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Tuesday
Jul082014

"The Limits Our Culture Puts on Love": An Interview with Sally J. Johnson

 

Sally J. Johnson received her MFA from UNCW where she served as Managing Editor for the award-winning literary journal Ecotone. Her poetry and nonfiction has appeared or is forthcoming in Bodega, The Pinch, Weave, Heavy Feather Review, and elsewhere. Find her on the Internet: http://sallyjayjohnson.tumblr.com/ and @sallyjayjohnson.

Her essay, "Binary," appeared in Issue Fifty-Five of The Collagist.

Here, Sally J. Johnson talks with interviewer William Hoffacker about brevity, binaries, and writing about family.

Tell us about the genesis of this essay (how/why/when you began to write the first draft or to conceive the initial idea), and about how it changed throughout the revision process.

I started writing this piece in a class on the lyric essay with the phenomenal Sarah Messer. Originally, it was an experimental essay about two different relationships. It wasn’t until I did a more final edit on it that I pushed it into that binary form. Ultimately, I wanted the form to be really constricting in contrast to what I was writing about, and to mirror our society’s unreal limitations on love (boy meets girl, boy and girl fall in love, etc.). I’d been thinking so much about that, the limits our culture puts on love (and everything) and its effect on people’s real lives. For instance: my family is the most wonderful, accepting group of human beings you’ll ever meet, but I was still met with some of those tired stereotypical jokes when coming out to them. Why? Probably because we have a culture that shares those jokes and perpetuates those stereotypes. We have people of power and persuasion insisting those jokes are funny or somehow inherently true.

I wanted to show that complication (of love, and of loving people of your same or different gender, of gender itself) in a similar system as this human world that always tries to make things simple: 0 or 1. There’s so much erasure in that kind of space. So, in a miniscule way, I was able to use a binary to show and narrate, rather than erase, an experience.

How did you decide to write about past events in the present tense for this piece? What kind of advantages and/or risks come with making that choice?

To be honest, I think that decision was unconscious. It did serve as a little mental trick for me to get back into the moments I wrote about; to feel as mad or happy or heartbroken or in love while writing as I was then. It’s advantageous since it adds a visceral texture to this piece (I hope). Also, this way I easily avoided summing things up or generalizing. It’s risky because I can/could/did miss reflection that’s necessary. I had to rely a lot on tone and choice of scene to express how I might feel about these events now.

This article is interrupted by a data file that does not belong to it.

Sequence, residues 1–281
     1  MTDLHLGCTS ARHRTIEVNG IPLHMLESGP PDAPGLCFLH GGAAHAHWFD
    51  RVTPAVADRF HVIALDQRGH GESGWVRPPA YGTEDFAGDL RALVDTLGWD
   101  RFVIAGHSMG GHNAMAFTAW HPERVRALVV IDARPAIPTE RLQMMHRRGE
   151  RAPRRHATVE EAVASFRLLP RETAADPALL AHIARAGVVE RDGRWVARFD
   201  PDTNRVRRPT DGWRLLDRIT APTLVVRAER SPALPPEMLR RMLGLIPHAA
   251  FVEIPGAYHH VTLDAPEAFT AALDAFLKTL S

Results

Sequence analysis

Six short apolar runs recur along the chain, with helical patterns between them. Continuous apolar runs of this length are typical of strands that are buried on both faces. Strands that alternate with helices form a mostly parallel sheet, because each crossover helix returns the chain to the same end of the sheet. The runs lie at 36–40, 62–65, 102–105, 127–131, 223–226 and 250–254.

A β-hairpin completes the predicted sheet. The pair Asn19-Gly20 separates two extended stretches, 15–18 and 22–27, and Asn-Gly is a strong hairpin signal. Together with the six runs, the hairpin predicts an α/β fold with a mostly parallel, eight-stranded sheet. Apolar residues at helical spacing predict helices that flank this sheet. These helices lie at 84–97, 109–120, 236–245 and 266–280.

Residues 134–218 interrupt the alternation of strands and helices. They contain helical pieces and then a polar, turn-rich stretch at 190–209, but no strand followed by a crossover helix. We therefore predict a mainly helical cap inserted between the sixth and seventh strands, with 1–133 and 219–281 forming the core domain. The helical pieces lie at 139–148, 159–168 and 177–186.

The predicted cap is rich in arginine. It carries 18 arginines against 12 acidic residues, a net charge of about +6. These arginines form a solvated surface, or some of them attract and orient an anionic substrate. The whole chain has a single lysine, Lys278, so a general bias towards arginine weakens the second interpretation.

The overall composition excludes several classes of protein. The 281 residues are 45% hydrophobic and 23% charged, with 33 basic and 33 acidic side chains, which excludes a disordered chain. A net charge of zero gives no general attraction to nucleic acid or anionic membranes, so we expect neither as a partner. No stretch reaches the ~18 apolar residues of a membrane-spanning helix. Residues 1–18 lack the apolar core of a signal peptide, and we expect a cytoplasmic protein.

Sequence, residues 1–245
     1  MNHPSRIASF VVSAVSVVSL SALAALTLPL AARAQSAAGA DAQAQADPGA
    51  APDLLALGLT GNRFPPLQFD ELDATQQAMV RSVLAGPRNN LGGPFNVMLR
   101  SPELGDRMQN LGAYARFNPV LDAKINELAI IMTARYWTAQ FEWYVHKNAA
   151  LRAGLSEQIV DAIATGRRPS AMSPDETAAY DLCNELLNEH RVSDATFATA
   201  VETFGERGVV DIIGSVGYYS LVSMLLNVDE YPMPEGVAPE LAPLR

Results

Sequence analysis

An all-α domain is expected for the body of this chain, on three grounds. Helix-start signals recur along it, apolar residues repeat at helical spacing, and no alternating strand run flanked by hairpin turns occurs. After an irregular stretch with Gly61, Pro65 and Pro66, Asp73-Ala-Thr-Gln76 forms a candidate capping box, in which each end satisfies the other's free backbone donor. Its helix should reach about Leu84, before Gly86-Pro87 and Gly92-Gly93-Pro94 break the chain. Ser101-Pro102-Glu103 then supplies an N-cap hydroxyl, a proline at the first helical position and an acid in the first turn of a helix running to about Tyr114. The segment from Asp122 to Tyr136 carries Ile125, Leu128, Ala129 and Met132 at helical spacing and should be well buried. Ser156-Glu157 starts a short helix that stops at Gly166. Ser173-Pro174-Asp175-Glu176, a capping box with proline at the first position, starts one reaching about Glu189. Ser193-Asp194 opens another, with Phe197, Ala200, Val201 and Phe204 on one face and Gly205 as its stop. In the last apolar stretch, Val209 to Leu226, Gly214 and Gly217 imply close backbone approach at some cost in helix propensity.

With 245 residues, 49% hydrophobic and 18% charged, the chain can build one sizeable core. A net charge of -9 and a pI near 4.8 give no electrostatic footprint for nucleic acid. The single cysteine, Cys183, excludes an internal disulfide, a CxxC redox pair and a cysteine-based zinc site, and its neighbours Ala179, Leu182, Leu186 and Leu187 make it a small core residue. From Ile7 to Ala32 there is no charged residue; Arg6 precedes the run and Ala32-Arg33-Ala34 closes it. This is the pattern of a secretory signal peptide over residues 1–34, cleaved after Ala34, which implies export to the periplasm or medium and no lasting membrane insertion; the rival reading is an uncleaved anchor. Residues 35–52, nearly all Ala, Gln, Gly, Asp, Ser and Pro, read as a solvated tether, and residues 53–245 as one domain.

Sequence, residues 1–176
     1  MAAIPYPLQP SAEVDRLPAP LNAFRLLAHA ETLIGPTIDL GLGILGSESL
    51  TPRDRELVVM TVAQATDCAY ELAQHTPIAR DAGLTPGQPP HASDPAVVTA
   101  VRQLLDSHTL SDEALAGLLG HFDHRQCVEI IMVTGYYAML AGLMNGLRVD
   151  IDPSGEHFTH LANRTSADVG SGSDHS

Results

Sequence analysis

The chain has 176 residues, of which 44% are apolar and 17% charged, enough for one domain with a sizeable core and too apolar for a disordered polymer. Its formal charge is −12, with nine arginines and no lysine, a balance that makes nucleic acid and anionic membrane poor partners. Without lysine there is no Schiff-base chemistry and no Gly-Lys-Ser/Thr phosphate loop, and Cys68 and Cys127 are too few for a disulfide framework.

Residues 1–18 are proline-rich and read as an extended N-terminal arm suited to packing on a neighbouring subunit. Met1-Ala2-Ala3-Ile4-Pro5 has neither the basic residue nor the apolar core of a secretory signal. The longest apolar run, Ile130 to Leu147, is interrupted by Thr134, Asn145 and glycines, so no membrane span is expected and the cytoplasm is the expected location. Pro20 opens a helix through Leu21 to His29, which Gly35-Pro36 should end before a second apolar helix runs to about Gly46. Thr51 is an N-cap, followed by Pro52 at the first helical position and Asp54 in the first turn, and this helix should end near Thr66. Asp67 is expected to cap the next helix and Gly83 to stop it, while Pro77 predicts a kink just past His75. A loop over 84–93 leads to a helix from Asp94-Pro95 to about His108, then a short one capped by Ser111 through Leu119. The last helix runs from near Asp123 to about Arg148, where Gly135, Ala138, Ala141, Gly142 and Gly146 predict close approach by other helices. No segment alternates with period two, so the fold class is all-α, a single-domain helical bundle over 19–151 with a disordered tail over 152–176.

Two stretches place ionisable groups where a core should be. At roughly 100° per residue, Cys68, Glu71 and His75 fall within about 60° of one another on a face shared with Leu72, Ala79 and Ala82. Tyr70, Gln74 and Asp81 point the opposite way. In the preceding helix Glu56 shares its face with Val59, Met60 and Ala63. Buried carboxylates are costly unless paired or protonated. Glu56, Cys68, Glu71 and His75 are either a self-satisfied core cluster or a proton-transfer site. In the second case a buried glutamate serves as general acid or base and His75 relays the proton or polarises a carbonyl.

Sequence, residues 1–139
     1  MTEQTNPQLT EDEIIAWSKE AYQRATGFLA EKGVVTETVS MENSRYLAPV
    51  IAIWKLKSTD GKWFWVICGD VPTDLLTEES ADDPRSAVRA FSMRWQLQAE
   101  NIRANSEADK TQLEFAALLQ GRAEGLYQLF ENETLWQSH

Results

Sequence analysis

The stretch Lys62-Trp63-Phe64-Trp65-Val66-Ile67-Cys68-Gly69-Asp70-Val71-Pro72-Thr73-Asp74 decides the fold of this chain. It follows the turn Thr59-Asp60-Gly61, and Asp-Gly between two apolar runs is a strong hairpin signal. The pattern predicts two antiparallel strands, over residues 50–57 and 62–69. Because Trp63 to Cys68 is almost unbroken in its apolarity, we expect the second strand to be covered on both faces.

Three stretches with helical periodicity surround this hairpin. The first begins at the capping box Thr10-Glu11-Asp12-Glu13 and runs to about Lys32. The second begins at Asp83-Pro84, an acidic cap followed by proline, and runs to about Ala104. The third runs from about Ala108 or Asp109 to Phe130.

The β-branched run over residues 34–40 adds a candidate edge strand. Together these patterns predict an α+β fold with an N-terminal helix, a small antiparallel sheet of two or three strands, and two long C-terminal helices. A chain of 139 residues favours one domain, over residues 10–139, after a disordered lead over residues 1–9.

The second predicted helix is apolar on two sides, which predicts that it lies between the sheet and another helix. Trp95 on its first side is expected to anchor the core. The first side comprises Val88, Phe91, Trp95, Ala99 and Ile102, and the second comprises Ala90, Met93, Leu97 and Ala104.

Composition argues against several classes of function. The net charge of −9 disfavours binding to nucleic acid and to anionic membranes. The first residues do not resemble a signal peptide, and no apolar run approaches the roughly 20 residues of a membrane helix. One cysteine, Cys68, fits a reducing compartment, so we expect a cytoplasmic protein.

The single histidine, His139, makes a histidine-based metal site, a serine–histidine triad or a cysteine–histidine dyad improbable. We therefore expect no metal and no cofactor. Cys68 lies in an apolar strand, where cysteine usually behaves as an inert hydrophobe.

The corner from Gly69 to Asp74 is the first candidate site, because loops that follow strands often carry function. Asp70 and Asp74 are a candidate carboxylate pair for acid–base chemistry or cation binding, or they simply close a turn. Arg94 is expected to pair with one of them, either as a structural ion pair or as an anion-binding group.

“Binary” is written in ten short vignettes, each no longer than two paragraphs. As both a poet and an essayist, do you find it natural to write with this kind of brevity, or is it a challenge to work with such a strict economy of language?

I wonder if it’s because I am poet that I gravitate toward these smaller sections, or if that’s why I was drawn to poetry in the first place. It is natural for me to write with brevity; I seem to fit there. But, lately I’ve been trying to pull and stretch my sentences and pieces. To say more, show more, steep a little. I like the challenge, but I also love reading longer essays and would love to be able to write them.

This piece includes stories of your family members and romantic relationships, in an essay that explores your sexuality and tackles gender-based binaries. Are you ever wary of writing and publishing nonfiction covering such personal material? If so, how do you overcome your hesitation? (If not, what do you feel about it instead?)

I recently read this great essay by Robert Siegel in the New York Times (about teaching a workshop with his mother as a student). I kept coming back to this line from him: “It’s always been a matter of faith for me that good writing begins with the ability to say what you want without worrying about how others might react.” I think that’s so important, and something I needed about three years ago to repeat to myself like a writing prayer. For the future, I will.

As for before, I was a little nervous. But, my family really is great and supportive of both my life and art. The hardest part about sharing this particular piece was knowing my parents would read things I’d never told them—had chosen not to tell them. It felt like a betrayal, but it was also a relief. I was actually most afraid they’d want to talk about it or hold a family meeting (the Johnsons love their family meetings), but instead they just asked if I needed to talk and otherwise congratulated me on the publication.

What writing projects are you working on now?

I’ve been sending out my poetry collection, The Pinning Block, which is about sexuality and arthropods. The poems in it take a look at (or through the lens of) invertebrates as well as humans to think about sex, love, tenderness, and hurt. Lots of those poems are looking for homes, too, so I’m working on the business side of that book. I’ve also been editing more lyric essays like “Binary” and trying, trying, trying to write longer, more traditional essays.

What have you read recently that you want to recommend?

Leslie Jamison’s Empathy Exams. Sally Wen Mao’s Mad Honey Symposium. Anything and everything that Roxane Gay has ever written in print or online. I’m really into Murakami right now, so I’ve been recommending him as if I’m a child that just figured out ice cream tastes good, but, still! Also, Meredith Clark won Black Warrior Review’s nonfiction contest with her essay “Lyrebird.” I read it when I got the issue and it’s still ringing in my heart.

 

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